The technique of each character narrating chapters is interesting and works well to move the plot forward. However, some of these chapters are much stronger than the others. Anna, the healthy sister no longer willing to undergo medical procedures to save her dying sister, is clearly the protagonist and the chapters narrated by her are among the best written in the book. Clearly the author is intent on this being Anna's story, while trying to give balance and dimension to the other characters. Early in the book, the chapters narrated by the mother Sara are griping, capturing the emotions of a mother's fear of losing her child. Later in the book, as Sara becomes the enemy of Anna, fighting her teenage daughter in court, her chapters are one sided. They don't seem as true as the earlier chapter, failing to fully give the mother's point of view, painting her as a monster only loving one child, a mother best skilled at nurturing a sick child while being neglectful of her other children. When the mother claims that she cannot make a decision that would benefit both children, and that she realizes it is a Solomon-esque decision, the reader doesn't believe it.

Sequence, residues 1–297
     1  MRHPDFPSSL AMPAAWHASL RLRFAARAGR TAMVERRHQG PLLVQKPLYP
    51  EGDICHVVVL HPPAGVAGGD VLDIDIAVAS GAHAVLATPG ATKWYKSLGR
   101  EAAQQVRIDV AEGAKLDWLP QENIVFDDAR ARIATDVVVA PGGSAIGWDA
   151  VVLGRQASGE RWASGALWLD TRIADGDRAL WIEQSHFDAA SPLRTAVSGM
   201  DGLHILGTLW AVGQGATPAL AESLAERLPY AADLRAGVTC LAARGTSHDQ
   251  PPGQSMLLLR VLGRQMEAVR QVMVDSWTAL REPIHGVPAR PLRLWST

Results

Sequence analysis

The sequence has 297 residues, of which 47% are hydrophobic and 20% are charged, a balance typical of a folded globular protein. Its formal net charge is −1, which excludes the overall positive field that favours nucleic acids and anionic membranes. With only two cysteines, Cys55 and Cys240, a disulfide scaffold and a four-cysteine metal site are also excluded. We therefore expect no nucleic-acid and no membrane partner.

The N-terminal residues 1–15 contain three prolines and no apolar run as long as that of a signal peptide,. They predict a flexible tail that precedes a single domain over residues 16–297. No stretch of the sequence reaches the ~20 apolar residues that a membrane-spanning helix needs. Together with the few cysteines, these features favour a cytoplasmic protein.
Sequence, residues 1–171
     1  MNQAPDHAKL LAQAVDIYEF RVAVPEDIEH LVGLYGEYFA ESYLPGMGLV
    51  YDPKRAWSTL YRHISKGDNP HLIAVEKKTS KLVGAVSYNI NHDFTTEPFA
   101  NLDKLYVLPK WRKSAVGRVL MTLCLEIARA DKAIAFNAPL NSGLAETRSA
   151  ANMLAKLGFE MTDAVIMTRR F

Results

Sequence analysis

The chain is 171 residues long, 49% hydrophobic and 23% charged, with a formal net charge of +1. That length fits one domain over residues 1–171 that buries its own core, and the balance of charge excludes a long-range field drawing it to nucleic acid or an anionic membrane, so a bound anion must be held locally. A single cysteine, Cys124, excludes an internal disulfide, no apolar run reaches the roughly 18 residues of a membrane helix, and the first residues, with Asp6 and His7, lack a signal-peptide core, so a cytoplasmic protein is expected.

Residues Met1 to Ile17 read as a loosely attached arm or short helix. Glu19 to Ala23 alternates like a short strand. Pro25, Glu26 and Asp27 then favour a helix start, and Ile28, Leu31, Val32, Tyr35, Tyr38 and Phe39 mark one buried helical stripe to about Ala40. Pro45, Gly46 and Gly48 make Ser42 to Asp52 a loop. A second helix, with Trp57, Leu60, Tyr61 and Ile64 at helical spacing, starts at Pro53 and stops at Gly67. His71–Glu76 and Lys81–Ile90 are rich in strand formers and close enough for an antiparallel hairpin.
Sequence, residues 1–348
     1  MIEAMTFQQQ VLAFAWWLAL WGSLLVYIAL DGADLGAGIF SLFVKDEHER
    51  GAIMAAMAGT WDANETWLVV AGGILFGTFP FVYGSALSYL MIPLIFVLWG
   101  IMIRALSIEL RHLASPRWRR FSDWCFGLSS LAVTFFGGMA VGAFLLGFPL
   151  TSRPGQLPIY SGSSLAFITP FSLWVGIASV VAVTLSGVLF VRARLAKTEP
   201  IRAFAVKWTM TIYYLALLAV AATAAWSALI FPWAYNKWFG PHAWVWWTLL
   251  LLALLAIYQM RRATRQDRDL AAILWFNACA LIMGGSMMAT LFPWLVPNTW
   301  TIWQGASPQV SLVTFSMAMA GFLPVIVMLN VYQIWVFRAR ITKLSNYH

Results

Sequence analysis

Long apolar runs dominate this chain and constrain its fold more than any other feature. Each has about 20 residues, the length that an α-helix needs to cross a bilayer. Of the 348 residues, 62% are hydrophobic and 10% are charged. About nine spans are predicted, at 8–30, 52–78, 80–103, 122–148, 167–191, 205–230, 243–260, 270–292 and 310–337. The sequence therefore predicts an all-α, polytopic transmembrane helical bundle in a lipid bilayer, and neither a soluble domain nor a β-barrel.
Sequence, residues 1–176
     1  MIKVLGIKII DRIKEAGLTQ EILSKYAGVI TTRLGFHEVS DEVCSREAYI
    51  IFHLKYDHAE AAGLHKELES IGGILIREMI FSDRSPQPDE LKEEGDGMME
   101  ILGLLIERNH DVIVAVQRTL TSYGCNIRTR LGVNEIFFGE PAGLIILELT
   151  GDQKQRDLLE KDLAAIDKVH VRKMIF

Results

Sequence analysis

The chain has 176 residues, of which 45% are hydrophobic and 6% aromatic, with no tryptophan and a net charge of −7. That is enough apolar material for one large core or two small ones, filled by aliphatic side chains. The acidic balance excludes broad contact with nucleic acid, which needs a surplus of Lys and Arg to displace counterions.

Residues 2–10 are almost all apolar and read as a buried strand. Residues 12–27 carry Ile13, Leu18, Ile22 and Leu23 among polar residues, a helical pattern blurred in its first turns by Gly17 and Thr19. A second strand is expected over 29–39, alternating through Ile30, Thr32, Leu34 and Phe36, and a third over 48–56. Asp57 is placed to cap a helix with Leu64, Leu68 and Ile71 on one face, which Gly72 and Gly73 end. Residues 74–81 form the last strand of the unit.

Similarly, other chapters in the book present some relevant ideas regarding the ethical dilemmas involved, serve to move the plot forward and develop the minor characters. However, most of the minor characters are not well developed. The chapters between the child advocate and the lawyer add an unnecessary romance-novel love story to the book, but aren't convincing regarding the emotional motivations of the characters. The chapters about the father portray a man always ready to save others in his professional life, but distant from his own family. While the father talks about having given up on his teenage son, the book doesn't give any indication of his remorse, or realization of how his behavior may have influenced his son. When he stands up for Anna, the reader wonders why he hadn't done so before. The best written minor character is the character who narrates the fewest chapters -- Jesse, the delinquent son. His intelligence, crippled by his anger, is evident; his cries for parental attention while aware that it is unattainable is striking. Picoult's introduction to the book mentions her own experiences as a parent of a sick child. I find it interesting, then, that it is the teenagers, not the parents who are the best portrayed characters in the book.